Introduction:The importance of omni-channel retailing
Chapter 1 Benefits of omni-channel retailing
Improved customer perception
Better data collection
Chapter 2 Tablets
Chapter 3 Mobile
Chapter 4 Touchscreens
Conclusion The future: Omni-channel retailing
The economy continues its slow but steady growth. According to the U.S. Department of Commerce, total retail sales as of February 2013 were $376.33 billion, even higher than expected. The holiday season proved to be strong as well, with retail sales for the 2012 retail season rising 2.5 percent compared to 2011, according to the Johnson Redbook Index. While this is slower growth than experienced in 2011 over 2010, it is still a positive sign.
How people shop also continues to change. According to research firm Forrester, ecommerce sales are expected to increase 13 percent, to $262 billion, in 2013. Ecommerce accounts for approximately 8 percent of total retail sales in the United States, and it is projected to be a tenth of all retail sales in the Unites States by 2017.
Not only are people shopping more from their home computers, they also are using new technology within a store. Approximately 53 percent of American adults own a smartphone, according to a survey by the Pew Research Center (a growth of 18 perecent from 2011). The popularity of tablets is growing even more dramatically, with a projected year-over-year growth of 64 percent from 2012 to 2013, according to research firm NPD Group. Shoppers not only are using their smartphones and tablets to purchase, but also to do research within a store.
The challenge for retailers, then, is to incorporate new technology with their existing sales channels, to create a seamless omni-channel experience for shoppers.
The omni-channel experience includes front-end technology, such as the ability to order online and have the product delivered to a store (known as the endless aisle), same-day order and delivery and choice of pick-up sites. It also, however, includes back-end integration, giving retailers more data collection points about their customers and enabling sales associates to access more and better knowledge about products more quickly.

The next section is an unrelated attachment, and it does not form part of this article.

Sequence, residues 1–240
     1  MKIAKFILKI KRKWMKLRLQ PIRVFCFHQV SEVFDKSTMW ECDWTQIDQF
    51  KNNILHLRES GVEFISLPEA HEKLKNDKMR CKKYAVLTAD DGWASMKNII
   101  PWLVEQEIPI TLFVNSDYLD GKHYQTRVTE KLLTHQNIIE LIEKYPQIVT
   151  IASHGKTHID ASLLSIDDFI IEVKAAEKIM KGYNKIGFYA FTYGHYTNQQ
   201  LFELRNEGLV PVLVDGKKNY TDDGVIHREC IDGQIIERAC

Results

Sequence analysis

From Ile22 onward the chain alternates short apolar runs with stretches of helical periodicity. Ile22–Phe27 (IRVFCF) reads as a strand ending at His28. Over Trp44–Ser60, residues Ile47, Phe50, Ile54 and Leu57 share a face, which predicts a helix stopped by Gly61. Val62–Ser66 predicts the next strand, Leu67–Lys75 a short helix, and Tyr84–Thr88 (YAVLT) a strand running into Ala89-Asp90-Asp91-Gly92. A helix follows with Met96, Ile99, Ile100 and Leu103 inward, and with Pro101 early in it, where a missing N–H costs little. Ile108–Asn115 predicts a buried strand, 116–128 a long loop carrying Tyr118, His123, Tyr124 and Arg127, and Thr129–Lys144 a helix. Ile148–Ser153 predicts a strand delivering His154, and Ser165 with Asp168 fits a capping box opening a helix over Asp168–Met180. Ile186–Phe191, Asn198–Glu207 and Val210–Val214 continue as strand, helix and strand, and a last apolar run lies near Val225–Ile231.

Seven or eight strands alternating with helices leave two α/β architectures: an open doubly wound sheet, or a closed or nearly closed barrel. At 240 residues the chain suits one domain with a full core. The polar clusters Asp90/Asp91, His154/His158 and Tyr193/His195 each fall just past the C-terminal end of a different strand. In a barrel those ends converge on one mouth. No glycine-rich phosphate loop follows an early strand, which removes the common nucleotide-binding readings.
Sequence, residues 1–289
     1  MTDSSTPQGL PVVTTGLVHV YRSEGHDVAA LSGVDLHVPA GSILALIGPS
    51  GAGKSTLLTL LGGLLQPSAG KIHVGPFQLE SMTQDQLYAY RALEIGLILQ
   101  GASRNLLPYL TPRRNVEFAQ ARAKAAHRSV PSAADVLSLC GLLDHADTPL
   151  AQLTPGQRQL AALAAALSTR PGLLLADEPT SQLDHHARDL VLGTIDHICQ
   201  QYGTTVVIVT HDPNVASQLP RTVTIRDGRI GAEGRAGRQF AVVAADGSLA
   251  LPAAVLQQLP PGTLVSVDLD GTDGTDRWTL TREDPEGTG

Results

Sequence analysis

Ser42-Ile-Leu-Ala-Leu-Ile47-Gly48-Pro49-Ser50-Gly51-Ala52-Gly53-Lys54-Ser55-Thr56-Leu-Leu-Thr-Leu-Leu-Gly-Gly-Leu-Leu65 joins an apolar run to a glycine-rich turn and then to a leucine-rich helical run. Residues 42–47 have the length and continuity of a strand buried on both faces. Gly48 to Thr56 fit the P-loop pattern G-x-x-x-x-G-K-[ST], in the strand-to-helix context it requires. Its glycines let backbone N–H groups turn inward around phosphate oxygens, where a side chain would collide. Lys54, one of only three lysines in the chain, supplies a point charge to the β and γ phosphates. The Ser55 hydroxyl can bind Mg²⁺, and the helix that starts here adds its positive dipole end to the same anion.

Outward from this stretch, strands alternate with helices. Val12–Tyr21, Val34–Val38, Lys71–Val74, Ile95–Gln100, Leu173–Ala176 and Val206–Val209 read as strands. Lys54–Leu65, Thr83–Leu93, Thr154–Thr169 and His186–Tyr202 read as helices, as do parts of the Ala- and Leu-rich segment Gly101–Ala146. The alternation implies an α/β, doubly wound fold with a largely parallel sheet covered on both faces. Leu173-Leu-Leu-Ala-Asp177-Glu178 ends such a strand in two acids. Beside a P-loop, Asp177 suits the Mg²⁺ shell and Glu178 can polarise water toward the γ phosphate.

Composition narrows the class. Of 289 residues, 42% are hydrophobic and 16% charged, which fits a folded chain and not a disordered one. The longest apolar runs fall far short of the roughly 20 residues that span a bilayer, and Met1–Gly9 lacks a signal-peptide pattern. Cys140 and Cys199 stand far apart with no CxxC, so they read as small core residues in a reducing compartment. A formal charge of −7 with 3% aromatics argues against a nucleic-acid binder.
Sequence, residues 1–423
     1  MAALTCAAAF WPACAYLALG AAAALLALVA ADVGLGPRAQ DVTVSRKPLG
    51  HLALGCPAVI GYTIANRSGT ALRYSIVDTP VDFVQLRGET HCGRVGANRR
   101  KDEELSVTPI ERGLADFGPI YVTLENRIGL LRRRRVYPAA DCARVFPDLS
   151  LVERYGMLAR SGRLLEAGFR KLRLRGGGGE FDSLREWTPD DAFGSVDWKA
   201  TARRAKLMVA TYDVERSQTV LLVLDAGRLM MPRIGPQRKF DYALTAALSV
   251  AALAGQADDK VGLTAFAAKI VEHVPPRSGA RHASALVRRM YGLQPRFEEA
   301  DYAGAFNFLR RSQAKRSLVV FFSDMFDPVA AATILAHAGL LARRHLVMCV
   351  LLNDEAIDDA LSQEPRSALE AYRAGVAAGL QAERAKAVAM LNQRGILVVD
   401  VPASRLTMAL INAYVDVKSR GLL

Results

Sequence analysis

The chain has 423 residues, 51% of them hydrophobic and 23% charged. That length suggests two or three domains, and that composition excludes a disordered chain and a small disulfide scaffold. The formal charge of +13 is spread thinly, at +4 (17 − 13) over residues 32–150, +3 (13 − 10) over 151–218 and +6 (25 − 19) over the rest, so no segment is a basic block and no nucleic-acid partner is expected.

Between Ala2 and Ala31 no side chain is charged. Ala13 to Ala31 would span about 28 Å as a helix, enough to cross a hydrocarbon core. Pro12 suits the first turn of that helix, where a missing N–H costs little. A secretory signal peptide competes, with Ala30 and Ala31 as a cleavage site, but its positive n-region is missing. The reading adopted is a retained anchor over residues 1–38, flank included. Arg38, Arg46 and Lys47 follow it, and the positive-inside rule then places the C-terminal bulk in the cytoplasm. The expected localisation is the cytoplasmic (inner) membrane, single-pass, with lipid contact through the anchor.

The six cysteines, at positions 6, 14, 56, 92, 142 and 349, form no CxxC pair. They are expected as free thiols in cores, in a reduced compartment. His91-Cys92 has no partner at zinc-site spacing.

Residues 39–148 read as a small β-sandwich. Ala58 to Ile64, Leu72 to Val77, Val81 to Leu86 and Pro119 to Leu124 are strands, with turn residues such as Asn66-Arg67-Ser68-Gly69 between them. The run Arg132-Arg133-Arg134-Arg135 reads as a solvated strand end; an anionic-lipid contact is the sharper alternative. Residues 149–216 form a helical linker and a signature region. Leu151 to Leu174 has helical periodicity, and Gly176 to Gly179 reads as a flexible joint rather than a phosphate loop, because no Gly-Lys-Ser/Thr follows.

"To the consumer who uses multiple engagement points, such as the Web, a call center and digital signage within a store, it's all one brand," said Ravi Bagal, vice president for Washington, D.C.-based Verizon Retail, the retail arm of global communications company Verizon. "But the dirty little secret is that, usually, those channels are all operating as different silos, not as one unified brand. It's up to the retailer to blur those lines and create a unified experience."
Omni-channel retailing is no longer a choice for retailers; instead, it is becoming a necessity to offer consumers the convenience they want, on the devices they want.
"In the last 10 years, how and why and to what degree people do things has gone through a relatively fundamental shift," said Jeff Dickey, managing director of the OmniChannel Marketing Project, a consortium of stakeholders dedicated to understanding the future of retailing. "We're about to enter a new phase, and those who embrace it will do much bette than those who don't."
This guide will discuss the benefits of omni-channel retailing and how to implement it across various engagement points. We would like to thank Frank Mayer and Associates, Inc. for allowing us to provide this guide at no cost to the reader.